The second Byrd amendment ends the practice of requiring a widow to reapply for survivor benefits after her husband dies and having to “prove the whole case again,” as MacDonnell put it.

There is no doubt that these amendments make it easier for some miners and their surviving spouses to obtain benefits and do so more quickly. In an October 2009 report, the Government Accountability Office said over half of claimants who were denied benefits and lost on appeal in fiscal year 2008 “could not prove they had pneumoconiosis or, if they could, that pneumoconiosis had caused disability or death.” MacDonnell, whose clinic carries about 40 to 50 active cases at any one time, said that “these amendments are significant in well over half of the cases I deal with.”

But the ad leaves viewers with the false impression that Jenkins would abolish all black lung benefits, and only the most inquisitive among the viewers would dig into the citations to figure out what we discovered: Repealing the Affordable Care Act would not “repeal black lung benefits.” Black lung benefits would continue — although some miners and surviving spouses would be denied benefits and some would find it harder to obtain benefits. And that assumes that there would be no attempt to preserve the Byrd amendments either in a replacement health care bill or a standalone piece of legislation.

We asked the Jenkins campaign about the Black Lung Benefits Program, which understandably would be a sensitive issue in a state that produces more coal than any other state except Wyoming. Andrew Sere, a consultant to the Jenkins campaign, told us in an email that Jenkins “would support legislation that similarly reduces the burden on black lung applicants seeking the full and fair benefits to which they are entitled.”

The second claim in the ad — that Jenkins “supports letting insurance companies charge women more for health care” — also refers to the Republican’s vow to repeal the ACA.

As we have written before, insurance plans sold on the individual and small-group markets can no longer charge more based on health status or gender, and the law limits pricing based on age. A repeal of the law, if it is not replaced, would allow companies to charge women and older people more for health insurance — as the ad says. But the Jenkins campaign website says: “Evan will lead efforts to repeal ObamaCare and replace it with common sense health care reforms.” He also wrote a Nov. 30, 2013, op-ed in which he said that “it’s time to repeal and replace Obamacare.” The question now is: What will he replace it with?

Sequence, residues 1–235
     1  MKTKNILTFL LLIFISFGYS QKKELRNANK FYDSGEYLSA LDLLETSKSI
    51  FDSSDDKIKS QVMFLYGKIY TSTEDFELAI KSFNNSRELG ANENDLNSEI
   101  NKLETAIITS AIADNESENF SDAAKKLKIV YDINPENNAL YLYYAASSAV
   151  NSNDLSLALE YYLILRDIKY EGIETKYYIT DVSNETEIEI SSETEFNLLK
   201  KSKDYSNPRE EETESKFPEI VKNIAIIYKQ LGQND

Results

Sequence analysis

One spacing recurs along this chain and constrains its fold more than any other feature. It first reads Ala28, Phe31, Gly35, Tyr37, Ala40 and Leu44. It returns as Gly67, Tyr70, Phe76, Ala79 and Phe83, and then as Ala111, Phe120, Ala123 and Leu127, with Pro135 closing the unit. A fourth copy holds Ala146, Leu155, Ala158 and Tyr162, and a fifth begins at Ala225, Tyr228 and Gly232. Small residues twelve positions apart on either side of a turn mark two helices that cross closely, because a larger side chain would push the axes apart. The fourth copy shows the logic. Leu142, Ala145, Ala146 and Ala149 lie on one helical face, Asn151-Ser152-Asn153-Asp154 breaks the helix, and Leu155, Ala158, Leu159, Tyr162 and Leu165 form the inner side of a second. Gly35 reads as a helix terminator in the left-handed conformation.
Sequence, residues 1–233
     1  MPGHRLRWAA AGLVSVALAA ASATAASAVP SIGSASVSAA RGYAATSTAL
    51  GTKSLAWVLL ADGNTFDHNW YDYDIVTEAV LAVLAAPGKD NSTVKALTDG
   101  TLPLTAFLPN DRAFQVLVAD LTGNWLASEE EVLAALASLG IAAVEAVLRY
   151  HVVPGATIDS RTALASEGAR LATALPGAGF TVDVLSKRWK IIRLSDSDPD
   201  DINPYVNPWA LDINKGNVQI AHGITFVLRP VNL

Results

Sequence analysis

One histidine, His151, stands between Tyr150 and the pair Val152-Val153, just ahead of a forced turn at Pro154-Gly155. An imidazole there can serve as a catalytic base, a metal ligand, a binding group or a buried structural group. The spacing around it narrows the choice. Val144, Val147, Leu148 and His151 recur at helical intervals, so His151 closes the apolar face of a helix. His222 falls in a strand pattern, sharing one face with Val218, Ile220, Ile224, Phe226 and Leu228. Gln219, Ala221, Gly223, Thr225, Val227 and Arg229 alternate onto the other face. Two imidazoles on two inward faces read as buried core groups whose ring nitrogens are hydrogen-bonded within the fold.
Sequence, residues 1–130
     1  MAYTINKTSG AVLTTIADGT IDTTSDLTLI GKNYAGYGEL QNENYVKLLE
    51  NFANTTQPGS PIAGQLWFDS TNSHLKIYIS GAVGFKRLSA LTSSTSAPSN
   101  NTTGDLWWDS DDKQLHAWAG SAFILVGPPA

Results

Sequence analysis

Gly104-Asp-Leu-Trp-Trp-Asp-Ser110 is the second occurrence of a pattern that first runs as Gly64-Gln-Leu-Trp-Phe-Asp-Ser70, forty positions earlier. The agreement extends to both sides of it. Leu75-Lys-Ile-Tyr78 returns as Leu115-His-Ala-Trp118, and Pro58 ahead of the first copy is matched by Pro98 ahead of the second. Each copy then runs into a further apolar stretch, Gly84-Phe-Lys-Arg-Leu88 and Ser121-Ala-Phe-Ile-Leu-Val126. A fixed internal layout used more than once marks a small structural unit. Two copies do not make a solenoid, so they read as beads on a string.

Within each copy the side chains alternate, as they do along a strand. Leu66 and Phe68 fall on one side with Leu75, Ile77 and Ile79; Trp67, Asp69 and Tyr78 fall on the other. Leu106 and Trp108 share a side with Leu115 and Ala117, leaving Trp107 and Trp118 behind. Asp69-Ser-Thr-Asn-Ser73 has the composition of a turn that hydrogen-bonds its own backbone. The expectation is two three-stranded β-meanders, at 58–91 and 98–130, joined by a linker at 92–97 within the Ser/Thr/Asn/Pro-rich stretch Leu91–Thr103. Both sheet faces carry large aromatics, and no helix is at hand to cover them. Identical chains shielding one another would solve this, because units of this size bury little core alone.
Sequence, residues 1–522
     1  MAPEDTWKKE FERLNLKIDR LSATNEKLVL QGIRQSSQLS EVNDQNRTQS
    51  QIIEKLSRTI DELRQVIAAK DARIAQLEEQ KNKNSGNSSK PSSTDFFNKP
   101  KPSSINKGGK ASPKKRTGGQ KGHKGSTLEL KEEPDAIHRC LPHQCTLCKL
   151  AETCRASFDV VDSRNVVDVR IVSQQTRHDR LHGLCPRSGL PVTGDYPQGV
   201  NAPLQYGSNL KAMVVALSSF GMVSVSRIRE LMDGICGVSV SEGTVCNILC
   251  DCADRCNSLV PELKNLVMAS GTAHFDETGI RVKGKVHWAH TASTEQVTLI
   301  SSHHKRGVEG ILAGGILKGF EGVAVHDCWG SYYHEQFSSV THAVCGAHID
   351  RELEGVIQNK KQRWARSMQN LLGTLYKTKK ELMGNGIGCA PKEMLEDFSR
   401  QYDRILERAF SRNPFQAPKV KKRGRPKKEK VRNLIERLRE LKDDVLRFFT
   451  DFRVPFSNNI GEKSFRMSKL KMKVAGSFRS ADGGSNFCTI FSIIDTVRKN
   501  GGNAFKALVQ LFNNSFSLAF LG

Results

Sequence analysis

Jenkins provides a few examples of legislation that he supported as a state senator — including one that would allow young adults to stay on their parents’ insurance policy until age 25 (which is one year earlier than the ACA). There is nothing about community rating, which is the rule that prohibits insurance companies from charging more based on factors such as gender and health status. Again, we asked the campaign for the candidate’s position on this specific provision. Sere told us in an email that Jenkins “would support a replacement bill that prohibits gender-based ratings when setting premiums.”

We cannot predict future behavior. We can’t say what Jenkins will do; we can only report what he has done and what he said he will do. He has said he would repeal the ACA. He has not said he would repeal all black lung benefits — or the expanded eligibility in the law — and he has not said he would support charging women more for health insurance. He has provided only a few examples of the kinds of provisions he supports in a replacement ACA bill, and none of them dealt with black lung benefits or gender-based rating. But he said he would preserve both provisions of the law. We note, too, that while the Jenkins campaign updated its issues page on coal to say that Jenkins “is firmly opposed to any cuts to the Federal Black Lung Benefit Program,” it did not do the same for gender-based rating on its “Obamacare” page.

We understand that these positions were taken after the ad appeared. But Jenkins is now on record, and West Virginia’s 3rd District voters can hold him to his word.

— Eugene Kiely